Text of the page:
State Sen. Joe Hardy (R-Clark) and Assemblywoman Melissa Hardy (R-Clark) voted against advancing that bill draft request. The former Hardy expressed opposition to the state requiring licensure. The latter expressed similar concerns.

Assemblywoman Connie Munk (D-Clark) voted to advance the bill draft request but prefaced her vote by saying she had concerns and was not committed to supporting the effort during the session next year.

A third proposal looks toward licensure for another group: pharmacy benefit managers — the administrators of prescription drug plans. Under this proposal, pharmacy benefit managers would be required to obtain a license from the state. Additionally, their only source of income could be from disclosed administration fees for services, and not from “spread pricing” where they take a cut as medication payments go between insurers and pharmacies.

State Sen. Hardy voted to advance the bill draft request. While doing so, he acknowledged that “a discussion on PBMs needs to be had” but emphasized his right to vote against any actual proposal after it’s drafted and discussed during the regular legislative session.

A fourth proposal would allow the Nevada Department of Health and Human Services to establish or enter inter- or intrastate coalitions that consolidate purchasing power and allow for better negotiation while buying prescription drugs in bulk.

The final proposal advanced by the committee would require at least half of the health plans offered by providers in Nevada to offer prescription drug coverage from the first day of coverage with no deductibles. The bill would also require fixed copays, and limit copays.

That proposal was not originally included on the interim committee’s agenda and meeting packet on Wednesday. The bill draft request was proposed by the Pharmaceutical Research and Manufacturers of America (PhRMA).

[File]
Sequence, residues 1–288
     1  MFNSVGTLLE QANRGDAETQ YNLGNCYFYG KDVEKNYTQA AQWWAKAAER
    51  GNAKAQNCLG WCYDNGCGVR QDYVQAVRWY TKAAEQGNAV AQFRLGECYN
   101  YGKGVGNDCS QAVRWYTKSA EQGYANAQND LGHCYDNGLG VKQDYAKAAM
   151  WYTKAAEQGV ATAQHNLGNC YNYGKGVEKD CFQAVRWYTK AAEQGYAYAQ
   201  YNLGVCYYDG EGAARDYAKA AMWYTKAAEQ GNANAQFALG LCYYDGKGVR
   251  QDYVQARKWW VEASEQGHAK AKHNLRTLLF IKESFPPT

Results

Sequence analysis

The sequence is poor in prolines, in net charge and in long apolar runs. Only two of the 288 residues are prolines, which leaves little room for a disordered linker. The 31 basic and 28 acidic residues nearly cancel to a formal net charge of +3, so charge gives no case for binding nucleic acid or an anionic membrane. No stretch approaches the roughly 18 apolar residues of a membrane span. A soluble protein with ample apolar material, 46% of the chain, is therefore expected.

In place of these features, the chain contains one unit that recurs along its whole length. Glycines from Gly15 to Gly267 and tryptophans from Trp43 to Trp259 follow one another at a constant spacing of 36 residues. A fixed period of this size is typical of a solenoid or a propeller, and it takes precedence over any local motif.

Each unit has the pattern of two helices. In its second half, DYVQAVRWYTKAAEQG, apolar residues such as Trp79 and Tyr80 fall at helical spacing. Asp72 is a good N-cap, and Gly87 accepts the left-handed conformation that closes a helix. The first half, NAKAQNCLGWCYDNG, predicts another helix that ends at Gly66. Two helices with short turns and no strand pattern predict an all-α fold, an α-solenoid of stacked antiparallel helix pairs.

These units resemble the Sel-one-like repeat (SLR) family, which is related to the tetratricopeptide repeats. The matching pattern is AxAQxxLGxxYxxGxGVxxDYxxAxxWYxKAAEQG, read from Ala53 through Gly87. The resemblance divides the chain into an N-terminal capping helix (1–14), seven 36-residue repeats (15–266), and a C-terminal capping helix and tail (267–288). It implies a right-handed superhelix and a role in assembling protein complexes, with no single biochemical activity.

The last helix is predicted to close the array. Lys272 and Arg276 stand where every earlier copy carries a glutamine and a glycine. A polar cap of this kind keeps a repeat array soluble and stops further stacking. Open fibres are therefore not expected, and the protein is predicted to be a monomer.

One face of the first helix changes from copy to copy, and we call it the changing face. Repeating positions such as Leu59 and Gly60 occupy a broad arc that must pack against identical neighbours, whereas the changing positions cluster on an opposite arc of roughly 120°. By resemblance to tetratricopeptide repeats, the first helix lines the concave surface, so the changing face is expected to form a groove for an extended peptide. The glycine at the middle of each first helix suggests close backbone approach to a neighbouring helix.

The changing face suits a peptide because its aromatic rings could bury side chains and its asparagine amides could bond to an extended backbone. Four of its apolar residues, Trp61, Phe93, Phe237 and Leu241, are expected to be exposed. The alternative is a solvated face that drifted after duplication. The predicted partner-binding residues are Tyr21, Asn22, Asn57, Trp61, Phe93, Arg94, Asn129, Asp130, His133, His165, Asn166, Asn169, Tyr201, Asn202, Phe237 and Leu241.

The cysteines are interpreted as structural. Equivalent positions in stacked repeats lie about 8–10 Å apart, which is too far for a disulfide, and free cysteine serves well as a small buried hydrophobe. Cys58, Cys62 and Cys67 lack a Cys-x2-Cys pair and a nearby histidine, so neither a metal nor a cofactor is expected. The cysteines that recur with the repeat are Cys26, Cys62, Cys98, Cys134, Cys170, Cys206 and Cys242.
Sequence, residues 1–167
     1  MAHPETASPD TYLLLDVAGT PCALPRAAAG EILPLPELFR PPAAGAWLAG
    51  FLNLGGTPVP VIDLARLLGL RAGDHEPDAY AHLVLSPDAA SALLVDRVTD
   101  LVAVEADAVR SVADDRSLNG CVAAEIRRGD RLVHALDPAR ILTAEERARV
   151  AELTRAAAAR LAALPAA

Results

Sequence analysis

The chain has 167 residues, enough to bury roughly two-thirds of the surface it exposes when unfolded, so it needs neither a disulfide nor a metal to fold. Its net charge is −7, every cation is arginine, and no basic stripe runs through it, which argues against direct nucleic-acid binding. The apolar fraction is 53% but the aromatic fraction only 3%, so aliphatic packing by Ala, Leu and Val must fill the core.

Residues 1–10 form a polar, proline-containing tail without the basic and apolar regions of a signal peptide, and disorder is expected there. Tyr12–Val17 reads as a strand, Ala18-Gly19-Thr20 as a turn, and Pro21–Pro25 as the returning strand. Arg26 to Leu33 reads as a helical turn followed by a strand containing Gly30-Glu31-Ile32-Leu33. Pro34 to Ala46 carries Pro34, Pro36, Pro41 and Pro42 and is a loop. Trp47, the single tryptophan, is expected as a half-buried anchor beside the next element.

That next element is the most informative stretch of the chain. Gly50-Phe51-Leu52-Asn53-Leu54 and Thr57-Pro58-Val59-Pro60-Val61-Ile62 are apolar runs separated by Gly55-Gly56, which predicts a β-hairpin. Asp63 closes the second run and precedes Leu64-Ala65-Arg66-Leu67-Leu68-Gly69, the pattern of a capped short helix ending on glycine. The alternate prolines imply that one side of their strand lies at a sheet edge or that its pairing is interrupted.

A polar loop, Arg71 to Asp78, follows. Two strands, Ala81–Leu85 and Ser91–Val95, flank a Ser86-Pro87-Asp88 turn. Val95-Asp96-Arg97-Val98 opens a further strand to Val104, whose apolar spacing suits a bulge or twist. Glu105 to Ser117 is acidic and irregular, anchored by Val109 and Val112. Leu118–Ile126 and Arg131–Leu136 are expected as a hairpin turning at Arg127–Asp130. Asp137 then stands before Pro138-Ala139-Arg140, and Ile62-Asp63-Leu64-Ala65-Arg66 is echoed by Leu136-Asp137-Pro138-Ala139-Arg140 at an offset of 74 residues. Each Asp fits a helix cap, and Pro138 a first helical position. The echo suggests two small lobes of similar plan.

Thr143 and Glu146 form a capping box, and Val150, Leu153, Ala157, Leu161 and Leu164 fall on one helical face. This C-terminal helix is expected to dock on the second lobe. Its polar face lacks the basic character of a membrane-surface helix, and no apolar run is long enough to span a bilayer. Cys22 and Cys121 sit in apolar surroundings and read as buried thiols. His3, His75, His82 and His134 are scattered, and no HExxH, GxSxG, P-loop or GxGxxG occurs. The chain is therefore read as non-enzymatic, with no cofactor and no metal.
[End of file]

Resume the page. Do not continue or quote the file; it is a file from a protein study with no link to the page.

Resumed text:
Maya Holmes from the Culinary Health Fund, which proposed three of the five bill draft requests advanced by the committee, criticized the PhRMA proposal, saying that the pharmaceutical industry’s solution would merely shift costs to other things, like higher premiums for customers, and also would not help anyone uninsured.

“We have the most expensive healthcare system in the world,” said Holmes. “Not because we use more health care. We don’t. Not because we have better healthcare. We don’t. Not because we have better outcomes. We don’t. It is because we pay the highest prices in the world for our healthcare, and prescription drugs are a critical driver of those health care prices.”

April Corbin Girnus
April Corbin Girnus is an award-winning journalist with a decade of media experience. She has been a beat writer at Las Vegas Sun, a staff writer at LEO Weekly, web editor of Las Vegas Weekly and a blogger documenting North American bike share systems’ efforts to increase ridership in underserved communities. An occasional adjunct journalism professor, April steadfastly rejects the notion that journalism is a worthless major. Amid the Great Recession, she earned a B.A. in journalism from the University of Nevada Las Vegas, where she served as editor-in-chief of the student newspaper. She later earned an M.A. in media studies and a graduate certificate in media management from The New School for Public Engagement. April currently serves on the board of the Society of Professional Journalists Las Vegas pro chapter. A stickler about municipal boundary lines, April enjoys teaching people about unincorporated Clark County. She grew up in Sunrise Manor and currently resides in Paradise with her husband, two children and three mutts.